Functional Medicine

Last post I was talking about Magnesium role in high blood pressure.  But in the list of links was a link about video of Functional Medicine at TED by Mark Hyman.   The thinking or position of functional medicine is that we have to move from thinking about diseases to thinking about causes.  We need to understand the underlying causes of diseases. This always involves asking ever deeper circles of questions of why?  Think of how the typical doctor treats high blood pressure.  They measure your high blood pressure say it high, and then say, they don’t know the cause, it essential hypertension.    So, they give you drugs that treat the symptoms but not the underlying cause. Some of those treatments work, some do not.  Why do they work in some cases and not in others?  Some do Resperate, and have instant positive effect, others show no difference.  Could it be that Resperate does not for some patients address the underlying causes?     My literature research has identified something like at least 20 different fundamental mechanisms  of high blood pressure.  However, that is surely an underestimate, there are probably more.    We say in the last post that one of these causes might be magnesium deficiency.  Now, chances are if you have high blood pressure, you don’t have magnesium deficiency causing it. Tests indicate that magnesium deficiency is pretty rare.  But, if you happen to have magnesium deficiency it could cause high blood pressure, and treating the magnesium deficiency would be beneficial.  For most folks, it probably wouldn’t help much.  Magnesium might have other subtle connections to high blood pressure.  Perhaps an infection depletes your magnesium and this same infection causes high blood pressure through some unknown mechanism.  It could be that taking more magnesium helps you fight off or down the infection and presto, your blood pressure returns to normal.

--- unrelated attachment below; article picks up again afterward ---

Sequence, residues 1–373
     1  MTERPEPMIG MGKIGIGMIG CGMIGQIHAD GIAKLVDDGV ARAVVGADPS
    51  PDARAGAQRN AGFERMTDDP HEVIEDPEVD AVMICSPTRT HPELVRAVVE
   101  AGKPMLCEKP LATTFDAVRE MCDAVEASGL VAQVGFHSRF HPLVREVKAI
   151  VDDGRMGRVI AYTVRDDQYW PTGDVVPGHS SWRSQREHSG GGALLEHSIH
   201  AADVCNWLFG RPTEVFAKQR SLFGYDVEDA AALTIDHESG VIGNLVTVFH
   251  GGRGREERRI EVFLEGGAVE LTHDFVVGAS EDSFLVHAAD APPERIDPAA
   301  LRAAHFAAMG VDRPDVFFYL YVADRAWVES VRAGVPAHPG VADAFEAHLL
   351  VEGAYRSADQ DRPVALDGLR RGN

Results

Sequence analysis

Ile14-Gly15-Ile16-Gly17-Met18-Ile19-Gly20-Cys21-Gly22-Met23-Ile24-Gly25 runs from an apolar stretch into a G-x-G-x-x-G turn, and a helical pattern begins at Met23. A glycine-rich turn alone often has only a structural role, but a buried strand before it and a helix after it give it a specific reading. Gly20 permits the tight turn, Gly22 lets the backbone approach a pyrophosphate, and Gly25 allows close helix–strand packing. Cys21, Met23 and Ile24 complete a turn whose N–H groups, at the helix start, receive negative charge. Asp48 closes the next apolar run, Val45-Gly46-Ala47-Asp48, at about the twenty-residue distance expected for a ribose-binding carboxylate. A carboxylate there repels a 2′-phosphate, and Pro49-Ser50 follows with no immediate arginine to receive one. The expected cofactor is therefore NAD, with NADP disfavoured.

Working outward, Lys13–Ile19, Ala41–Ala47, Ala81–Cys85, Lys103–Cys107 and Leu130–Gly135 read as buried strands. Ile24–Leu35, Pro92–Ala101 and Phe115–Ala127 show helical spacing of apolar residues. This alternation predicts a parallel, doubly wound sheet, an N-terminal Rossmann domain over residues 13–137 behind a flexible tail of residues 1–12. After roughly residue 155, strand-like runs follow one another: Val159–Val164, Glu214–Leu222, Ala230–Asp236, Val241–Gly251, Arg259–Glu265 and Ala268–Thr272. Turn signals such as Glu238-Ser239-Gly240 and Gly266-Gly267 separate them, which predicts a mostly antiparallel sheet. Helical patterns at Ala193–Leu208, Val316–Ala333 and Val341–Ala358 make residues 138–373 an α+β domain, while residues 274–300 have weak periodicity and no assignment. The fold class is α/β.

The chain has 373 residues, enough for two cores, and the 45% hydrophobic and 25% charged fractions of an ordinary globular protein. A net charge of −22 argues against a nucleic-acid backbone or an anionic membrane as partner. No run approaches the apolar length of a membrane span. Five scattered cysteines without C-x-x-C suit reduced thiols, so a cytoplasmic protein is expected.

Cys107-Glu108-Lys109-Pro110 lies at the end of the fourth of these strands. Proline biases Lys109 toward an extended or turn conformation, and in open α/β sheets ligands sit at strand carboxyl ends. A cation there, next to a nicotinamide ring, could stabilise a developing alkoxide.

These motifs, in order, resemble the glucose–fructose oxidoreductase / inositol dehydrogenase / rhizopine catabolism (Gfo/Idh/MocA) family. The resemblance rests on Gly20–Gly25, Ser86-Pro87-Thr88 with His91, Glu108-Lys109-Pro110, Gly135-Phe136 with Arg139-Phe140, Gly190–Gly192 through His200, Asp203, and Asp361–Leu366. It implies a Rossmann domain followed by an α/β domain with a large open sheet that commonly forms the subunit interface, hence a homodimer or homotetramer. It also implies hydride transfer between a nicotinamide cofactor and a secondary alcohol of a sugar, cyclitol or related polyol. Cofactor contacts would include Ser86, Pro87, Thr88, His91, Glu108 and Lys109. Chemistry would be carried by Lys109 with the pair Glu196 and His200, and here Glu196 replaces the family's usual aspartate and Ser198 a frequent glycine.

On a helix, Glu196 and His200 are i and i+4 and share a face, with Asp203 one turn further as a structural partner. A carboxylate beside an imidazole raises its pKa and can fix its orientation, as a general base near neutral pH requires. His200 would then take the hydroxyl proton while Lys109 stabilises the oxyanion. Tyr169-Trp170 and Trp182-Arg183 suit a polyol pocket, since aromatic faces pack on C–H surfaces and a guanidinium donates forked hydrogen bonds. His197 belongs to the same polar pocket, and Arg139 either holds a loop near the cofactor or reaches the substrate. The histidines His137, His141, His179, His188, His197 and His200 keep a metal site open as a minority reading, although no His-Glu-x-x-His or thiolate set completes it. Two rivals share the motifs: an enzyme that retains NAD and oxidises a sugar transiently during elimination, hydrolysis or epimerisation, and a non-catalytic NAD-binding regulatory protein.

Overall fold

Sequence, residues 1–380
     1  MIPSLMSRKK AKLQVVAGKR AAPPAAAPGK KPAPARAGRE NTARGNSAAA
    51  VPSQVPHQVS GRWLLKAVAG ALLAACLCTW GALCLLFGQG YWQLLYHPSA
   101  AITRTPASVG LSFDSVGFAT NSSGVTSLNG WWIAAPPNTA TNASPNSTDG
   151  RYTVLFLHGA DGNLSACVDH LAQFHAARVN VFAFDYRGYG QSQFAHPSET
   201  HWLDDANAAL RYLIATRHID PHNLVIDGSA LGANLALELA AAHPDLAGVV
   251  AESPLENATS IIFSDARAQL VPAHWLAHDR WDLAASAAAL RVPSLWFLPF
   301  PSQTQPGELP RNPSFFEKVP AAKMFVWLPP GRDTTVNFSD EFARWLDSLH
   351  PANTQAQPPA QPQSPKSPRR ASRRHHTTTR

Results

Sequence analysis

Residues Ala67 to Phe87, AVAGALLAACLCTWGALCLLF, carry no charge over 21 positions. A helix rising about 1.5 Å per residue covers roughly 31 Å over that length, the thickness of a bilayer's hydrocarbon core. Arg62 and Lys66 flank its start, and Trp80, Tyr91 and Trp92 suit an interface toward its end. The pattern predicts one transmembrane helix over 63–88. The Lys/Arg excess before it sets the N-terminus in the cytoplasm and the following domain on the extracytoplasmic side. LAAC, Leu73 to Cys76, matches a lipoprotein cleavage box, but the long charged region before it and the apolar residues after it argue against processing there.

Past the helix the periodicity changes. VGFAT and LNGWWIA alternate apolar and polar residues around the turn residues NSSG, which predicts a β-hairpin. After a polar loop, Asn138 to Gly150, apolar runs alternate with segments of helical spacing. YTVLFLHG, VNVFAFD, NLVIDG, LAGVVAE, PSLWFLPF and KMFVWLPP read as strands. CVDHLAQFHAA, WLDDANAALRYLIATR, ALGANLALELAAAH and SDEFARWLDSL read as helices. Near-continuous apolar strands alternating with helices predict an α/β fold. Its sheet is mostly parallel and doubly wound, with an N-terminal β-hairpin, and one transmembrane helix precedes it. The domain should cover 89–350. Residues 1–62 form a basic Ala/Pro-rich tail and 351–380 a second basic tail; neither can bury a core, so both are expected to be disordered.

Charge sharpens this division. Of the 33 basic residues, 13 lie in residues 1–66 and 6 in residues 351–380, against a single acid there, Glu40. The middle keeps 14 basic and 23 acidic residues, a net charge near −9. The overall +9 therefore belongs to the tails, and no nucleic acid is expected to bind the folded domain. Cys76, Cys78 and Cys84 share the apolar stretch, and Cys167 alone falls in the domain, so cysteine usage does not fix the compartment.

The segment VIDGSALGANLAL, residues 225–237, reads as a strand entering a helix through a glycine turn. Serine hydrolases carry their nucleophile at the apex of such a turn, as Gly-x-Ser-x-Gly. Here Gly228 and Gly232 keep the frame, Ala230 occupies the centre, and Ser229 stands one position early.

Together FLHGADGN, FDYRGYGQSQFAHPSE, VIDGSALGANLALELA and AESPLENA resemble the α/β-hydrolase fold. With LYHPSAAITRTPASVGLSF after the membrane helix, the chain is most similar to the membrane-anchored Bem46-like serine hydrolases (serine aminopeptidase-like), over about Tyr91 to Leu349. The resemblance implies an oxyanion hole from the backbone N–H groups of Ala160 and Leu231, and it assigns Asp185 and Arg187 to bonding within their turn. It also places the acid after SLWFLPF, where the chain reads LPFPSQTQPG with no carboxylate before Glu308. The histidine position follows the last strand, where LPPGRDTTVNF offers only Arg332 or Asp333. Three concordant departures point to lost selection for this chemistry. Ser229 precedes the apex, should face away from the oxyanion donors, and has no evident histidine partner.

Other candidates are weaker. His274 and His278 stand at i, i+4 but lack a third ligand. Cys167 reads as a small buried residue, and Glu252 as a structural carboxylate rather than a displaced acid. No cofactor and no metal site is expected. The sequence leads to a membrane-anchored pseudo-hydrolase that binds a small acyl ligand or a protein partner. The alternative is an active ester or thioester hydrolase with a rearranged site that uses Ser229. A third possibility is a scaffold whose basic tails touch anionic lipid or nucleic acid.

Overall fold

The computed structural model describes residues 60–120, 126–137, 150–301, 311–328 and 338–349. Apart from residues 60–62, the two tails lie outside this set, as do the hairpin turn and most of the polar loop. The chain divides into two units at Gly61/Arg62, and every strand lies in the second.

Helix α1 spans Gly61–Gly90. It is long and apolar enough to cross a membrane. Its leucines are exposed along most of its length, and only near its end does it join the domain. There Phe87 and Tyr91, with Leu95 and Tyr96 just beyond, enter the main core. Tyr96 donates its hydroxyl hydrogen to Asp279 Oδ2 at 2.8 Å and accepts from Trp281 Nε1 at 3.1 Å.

From a functional medicine point of view, the doctor would be looking to try and find what is the cause of your high blood pressure.  We know for example that high blood pressure, heart disease, and diabetics are linked.  That is, they all tend to respond to same typical treatments in diet, what helps one of these symptoms tends to help the others.  Furthermore, if you have one of them you are at higher risk of getting the others.  Putting it all together the suggestion is that there are underlying molecular causes – probably a combination of diet, toxins, genetic dispositions, virus and bacterial infections that underlie these diseases. Perhaps these diseases are merely different expressions of same fundamental underlying causes. Whatever disease is symptom expression  of the complex interaction of all these various factors at work.

How can one find out what causes your high blood pressure?  Down the road, sometime in the future, if your are diagnosed with high blood pressure, medical folks may do a complete blood profile for various biomarkers and genetic markers and probably be able to pinpoint more precisely the cause and provide targeted treatment and maybe even a cure.   Meanwhile, you need to try different factors, and see if they have an impact.  If you are suffering a magnesium shortage in the body, then taking magnesium will perhaps correct this, and your blood pressure would return to normal.  But this leads to a pile of questions, why do you have a magnesium shortage?  Is it problem with your diet? Or is there some other condition that causing your body to deplete it magnesium or not to absorb the magnesium it needs.

Causal chains like poor diet and insufficient exercise are causes which leads to weight gain which leads insulin resistance which leads to diabetes and high blood pressure.  Now of course this is highly simplified view.  There may be other factors such as environmental toxins, work stress, even virus and antibiotic traces in our food causing infections, inflation, and subtle metabolic disturbances. We know there must be other factors because there are people that have terrible diet, and do hardly any exercise, yet they remain disease free throughout their lifetime deep into old age.  Yet, statistically, those on terrible diet, and with insufficient exercise, suffer from increased risks and rates of high blood pressure.

Until we can get at the underlying causes, and thus bring about better treatment and potentially even cures, our best bet is to explore all the factors that go into possible high blood pressure and treat those with best diet, exercise, relaxation and other things that we know help.   My list is a start.  We know for example that sleep disturbances can lead to high blood pressure.  What causing the sleep disturbances?  Toxins, work stress,  dietary factors, environmental factors?


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